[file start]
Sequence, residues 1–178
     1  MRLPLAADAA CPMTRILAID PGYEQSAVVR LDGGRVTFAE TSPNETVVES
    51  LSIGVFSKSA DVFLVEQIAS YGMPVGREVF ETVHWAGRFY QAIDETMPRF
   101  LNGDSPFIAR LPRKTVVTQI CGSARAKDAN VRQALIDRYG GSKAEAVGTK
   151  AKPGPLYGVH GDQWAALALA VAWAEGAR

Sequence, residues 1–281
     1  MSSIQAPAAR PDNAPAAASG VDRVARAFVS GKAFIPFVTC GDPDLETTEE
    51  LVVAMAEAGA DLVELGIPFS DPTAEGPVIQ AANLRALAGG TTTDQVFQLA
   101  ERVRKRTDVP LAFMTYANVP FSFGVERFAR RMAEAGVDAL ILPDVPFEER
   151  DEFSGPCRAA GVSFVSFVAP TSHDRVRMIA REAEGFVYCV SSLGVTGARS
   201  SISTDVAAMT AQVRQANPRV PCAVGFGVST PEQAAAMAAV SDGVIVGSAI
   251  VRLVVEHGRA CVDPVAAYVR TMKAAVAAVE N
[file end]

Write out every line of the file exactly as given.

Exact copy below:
Sequence, residues 1–178
     1  MRLPLAADAA CPMTRILAID PGYEQSAVVR LDGGRVTFAE TSPNETVVES
    51  LSIGVFSKSA DVFLVEQIAS YGMPVGREVF ETVHWAGRFY QAIDETMPRF
   101  LNGDSPFIAR LPRKTVVTQI CGSARAKDAN VRQALIDRYG GSKAEAVGTK
   151  AKPGPLYGVH GDQWAALALA VAWAEGAR

Sequence, residues 1–281
     1  MSSIQAPAAR PDNAPAAASG VDRVARAFVS GKAFIPFVTC GDPDLETTEE
    51  LVVAMAEAGA DLVELGIPFS DPTAEGPVIQ AANLRALAGG TTTDQVFQLA
   101  ERVRKRTDVP LAFMTYANVP FSFGVERFAR RMAEAGVDAL ILPDVPFEER
   151  DEFSGPCRAA GVSFVSFVAP TSHDRVRMIA REAEGFVYCV SSLGVTGARS
   201  SISTDVAAMT AQVRQANPRV PCAVGFGVST PEQAAAMAAV SDGVIVGSAI
   251  VRLVVEHGRA CVDPVAAYVR TMKAAVAAVE N